Michael Bidwell: [00:03:56]
Yeah, I think it’s really important. Starting with the latter part of your question I did have a Business Development and Marketing Manager tell me during the marriage equality survey that I should be mindful of what I post because there might be clients that don’t like it. And I was like – Well this is my future and this is my life. So, I do think the marriage equality survey really gave those who are in the community an opportunity to voice their opinions. In answering your first part of the question I think that’s why it is important to be your authentic self on social media. Too often the [legal] profession is criticised for being robotic. Obviously, statistics show us that there’s mental health concerns and substance abuse and all these other things. And I think it’s important for lawyers to show that human side to say well this is what I’m passionate about particularly if it’s social justice focus. I think it allows you an opportunity to connect with clients on like-minded things because our clients are continually changing and I think lawyers have the opportunity to really show who they are on social media. Obviously within reason.
Graham Seldon: [00:05:40]
Just on this topic particularly we’ve seen in the past few years that some law firms have really embraced LGBTI plus issues. In fact, in January of this year global law firm Pinsent Masons won Stonewall’s most LGBT inclusive employer for 2019 in the UK, beating every other employer in the UK. A law firm was voted the number one place to work for LGBT plus employees. Why do you think it’s so important for law firms to champion LGBTI rights?
Michael Bidwell: [00:06:16]
Yeah, I think there’s a few key reasons for that to occur. I guess speaking just on a bigger picture the profession should really reflect the community that it serves and the people in it. So, having LGBTI plus lawyers but also reflecting that you know the social perception of these issues is continually changing. And it is becoming more progressive and inclusive. We do have a long way to go. Absolutely. But I think law firms need to really be at the head of saying well now this is what we need to do. To make it better because we need to serve this community going forward. On I guess a commercial approach (which always helps if you’re trying to get things started at your own firms) the statistics show us that people are more productive when they can bring their whole selves to work. And then also your clients are continually changing and your clients have obviously LGBTI plus representatives and they want to feel that they can send those employees to your law firm and it will be a safe space for them. Possibly connecting them to LGBTI plus lawyers so they can connect on something – it’s just a great opportunity there. Yeah a collaboration. And I think a lot of organisations are actually looking to law firms like here at Hebert Smith Freehills. We actually assisted a few clients with setting up diversity inclusion programs, which is exciting. I guess law firms have the infrastructure, the support and usually the money for these programs (sometimes you have to fight for the money but they usually have all those things in place). It’s just then about putting some process to it and I think that’s what Pinsent Masons has done incredibly well is that they are using every tool that they have to include the community and that’s why they got the top spot.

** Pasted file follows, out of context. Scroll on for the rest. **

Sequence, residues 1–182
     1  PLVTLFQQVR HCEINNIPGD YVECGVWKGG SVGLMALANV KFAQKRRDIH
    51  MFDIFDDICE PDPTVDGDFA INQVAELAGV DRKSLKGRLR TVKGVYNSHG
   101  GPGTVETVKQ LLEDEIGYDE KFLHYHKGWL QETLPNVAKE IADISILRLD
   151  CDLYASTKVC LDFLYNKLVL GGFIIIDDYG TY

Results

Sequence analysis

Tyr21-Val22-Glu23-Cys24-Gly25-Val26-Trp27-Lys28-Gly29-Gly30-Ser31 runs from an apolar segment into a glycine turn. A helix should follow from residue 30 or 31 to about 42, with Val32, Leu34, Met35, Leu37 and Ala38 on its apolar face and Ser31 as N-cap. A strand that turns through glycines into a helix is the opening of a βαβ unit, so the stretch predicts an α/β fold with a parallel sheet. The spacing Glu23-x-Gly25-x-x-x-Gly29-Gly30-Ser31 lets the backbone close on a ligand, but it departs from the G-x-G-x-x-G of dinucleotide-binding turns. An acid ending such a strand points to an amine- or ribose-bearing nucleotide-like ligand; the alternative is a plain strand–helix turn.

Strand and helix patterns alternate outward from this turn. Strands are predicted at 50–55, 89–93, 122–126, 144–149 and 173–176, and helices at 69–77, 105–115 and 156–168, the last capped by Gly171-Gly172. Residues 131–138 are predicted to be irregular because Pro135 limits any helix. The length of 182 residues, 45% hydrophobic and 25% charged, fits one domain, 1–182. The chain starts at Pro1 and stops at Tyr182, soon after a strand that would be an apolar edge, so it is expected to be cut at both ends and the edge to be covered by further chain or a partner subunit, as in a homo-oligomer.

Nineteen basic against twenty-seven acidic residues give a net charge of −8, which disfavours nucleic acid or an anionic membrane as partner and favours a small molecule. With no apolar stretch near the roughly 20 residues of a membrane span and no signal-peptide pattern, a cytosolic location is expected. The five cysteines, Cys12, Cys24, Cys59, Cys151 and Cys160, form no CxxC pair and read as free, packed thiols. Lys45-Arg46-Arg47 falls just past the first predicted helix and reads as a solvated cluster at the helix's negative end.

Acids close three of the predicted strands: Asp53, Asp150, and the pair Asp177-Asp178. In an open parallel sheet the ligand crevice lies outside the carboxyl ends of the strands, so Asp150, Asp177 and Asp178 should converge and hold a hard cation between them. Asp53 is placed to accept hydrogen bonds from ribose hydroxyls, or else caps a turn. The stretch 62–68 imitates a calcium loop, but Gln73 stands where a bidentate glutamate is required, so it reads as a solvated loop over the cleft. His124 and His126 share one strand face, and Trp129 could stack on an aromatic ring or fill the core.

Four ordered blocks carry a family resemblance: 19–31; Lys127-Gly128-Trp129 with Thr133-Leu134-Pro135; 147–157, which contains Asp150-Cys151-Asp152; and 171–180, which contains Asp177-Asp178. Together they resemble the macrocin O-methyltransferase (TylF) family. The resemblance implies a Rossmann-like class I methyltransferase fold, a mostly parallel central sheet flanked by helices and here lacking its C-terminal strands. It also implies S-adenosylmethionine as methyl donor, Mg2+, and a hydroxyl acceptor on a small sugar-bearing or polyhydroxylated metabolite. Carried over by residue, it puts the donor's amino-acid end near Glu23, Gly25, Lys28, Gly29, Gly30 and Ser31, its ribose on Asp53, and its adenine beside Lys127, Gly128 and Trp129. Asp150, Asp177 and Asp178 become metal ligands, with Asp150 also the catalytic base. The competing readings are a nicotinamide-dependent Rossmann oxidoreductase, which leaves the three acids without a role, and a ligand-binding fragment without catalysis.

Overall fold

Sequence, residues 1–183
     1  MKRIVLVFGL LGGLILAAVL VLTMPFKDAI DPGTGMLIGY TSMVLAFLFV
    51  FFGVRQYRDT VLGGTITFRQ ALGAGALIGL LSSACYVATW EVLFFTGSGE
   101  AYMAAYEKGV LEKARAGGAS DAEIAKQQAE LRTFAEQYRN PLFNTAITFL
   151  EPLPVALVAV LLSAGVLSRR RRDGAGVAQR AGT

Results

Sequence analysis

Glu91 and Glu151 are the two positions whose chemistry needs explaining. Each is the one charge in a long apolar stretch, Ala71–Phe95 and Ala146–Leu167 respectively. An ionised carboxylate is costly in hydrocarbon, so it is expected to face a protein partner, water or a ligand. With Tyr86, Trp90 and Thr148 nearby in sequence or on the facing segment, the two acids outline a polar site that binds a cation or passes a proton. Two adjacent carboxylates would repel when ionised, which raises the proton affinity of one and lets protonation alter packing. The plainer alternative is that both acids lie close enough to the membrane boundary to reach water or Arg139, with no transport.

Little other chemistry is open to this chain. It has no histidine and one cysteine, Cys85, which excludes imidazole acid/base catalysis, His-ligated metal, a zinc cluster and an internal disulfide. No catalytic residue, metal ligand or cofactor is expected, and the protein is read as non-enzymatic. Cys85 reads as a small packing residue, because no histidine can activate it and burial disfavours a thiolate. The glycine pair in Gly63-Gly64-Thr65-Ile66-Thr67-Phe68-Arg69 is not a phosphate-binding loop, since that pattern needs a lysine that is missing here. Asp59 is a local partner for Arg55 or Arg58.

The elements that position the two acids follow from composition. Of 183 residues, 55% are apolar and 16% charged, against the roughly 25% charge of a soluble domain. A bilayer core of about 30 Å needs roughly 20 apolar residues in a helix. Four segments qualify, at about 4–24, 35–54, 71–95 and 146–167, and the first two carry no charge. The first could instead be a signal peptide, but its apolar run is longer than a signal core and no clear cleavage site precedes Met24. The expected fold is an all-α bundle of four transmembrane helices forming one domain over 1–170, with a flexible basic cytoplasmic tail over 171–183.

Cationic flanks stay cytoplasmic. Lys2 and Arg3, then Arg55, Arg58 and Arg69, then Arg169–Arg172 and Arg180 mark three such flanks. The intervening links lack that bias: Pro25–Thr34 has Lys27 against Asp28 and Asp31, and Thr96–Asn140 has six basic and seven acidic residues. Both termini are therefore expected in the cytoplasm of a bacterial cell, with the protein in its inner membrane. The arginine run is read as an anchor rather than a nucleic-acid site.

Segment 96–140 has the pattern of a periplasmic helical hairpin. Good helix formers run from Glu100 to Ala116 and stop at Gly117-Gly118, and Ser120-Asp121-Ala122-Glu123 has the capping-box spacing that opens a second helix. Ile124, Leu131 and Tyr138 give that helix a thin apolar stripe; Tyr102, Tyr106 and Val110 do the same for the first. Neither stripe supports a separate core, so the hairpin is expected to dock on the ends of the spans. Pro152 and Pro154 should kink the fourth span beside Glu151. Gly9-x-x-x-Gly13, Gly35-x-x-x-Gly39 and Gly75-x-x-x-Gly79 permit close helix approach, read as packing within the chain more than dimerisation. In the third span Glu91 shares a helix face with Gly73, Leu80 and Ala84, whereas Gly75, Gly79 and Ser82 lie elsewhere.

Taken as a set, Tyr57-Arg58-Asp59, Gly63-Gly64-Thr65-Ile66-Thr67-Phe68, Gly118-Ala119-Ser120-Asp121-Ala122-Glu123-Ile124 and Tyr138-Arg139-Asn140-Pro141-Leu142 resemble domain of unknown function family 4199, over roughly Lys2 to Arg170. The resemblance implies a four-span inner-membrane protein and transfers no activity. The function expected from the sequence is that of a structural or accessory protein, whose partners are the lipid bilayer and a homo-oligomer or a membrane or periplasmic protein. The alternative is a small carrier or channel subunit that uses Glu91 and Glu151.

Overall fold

Graham Seldon: [00:08:37]
Yeah and they live and breathe it. I was in their Melbourne office this week actually and the Managing Partner in Australia said hello to me in the lobby and he had a lanyard with the rainbow flag. So, it’s not just a marketing ploy. They do actually live and breathe it over there. I was interested when you were McCullough Robertson you setup the pride community at that law firm. How do you go about setting up an LGBTI awareness initiative in law and how important is the marketing department in doing that?
Michael Bidwell: [00:09:15]
Yeah, I guess. It’s definitely going to be a different experience for everyone. I guess my push from it came from speaking out and it came from my belief we need to make it better and be more visible because there are people who are strongly against LGBTI plus issues. And that happens in a workplace. You can’t change every employee’s thoughts but you should still have the standard that everyone can come into work as themselves. So, my advice with starting one is you need to go into it with a lot of patience. You’re going to change the culture overnight. Respect that. They are going to be people – all different levels of education in this space. I remember when I first started talking to one of the partners there about it. He stopped me about five minutes and then he was like – But what does LGBTI stand for again? Sometimes you have to take a few stops along the way to get there. Yeah, it’s not going to be straight forward. There’s gonna be twists and turns. If someone says something disrespectful to you just always maintain respect. Always just be on the right side of it and say you know I don’t appreciate what you said but here’s why it’s important what we’re doing. And even if they don’t get on board you’re still seen to be the positive side of things.